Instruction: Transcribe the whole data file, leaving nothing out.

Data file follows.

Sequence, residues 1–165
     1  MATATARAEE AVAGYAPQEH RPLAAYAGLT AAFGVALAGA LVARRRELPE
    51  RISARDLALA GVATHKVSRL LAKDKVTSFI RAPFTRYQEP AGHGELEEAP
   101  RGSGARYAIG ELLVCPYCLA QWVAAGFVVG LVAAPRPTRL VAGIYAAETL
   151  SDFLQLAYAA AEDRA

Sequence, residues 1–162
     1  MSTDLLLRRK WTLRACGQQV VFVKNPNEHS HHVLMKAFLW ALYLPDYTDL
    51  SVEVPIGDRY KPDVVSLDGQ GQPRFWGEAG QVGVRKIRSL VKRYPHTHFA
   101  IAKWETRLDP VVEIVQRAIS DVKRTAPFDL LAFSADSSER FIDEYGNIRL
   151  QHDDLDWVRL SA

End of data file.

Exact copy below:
Sequence, residues 1–165
     1  MATATARAEE AVAGYAPQEH RPLAAYAGLT AAFGVALAGA LVARRRELPE
    51  RISARDLALA GVATHKVSRL LAKDKVTSFI RAPFTRYQEP AGHGELEEAP
   101  RGSGARYAIG ELLVCPYCLA QWVAAGFVVG LVAAPRPTRL VAGIYAAETL
   151  SDFLQLAYAA AEDRA

Sequence, residues 1–162
     1  MSTDLLLRRK WTLRACGQQV VFVKNPNEHS HHVLMKAFLW ALYLPDYTDL
    51  SVEVPIGDRY KPDVVSLDGQ GQPRFWGEAG QVGVRKIRSL VKRYPHTHFA
   101  IAKWETRLDP VVEIVQRAIS DVKRTAPFDL LAFSADSSER FIDEYGNIRL
   151  QHDDLDWVRL SA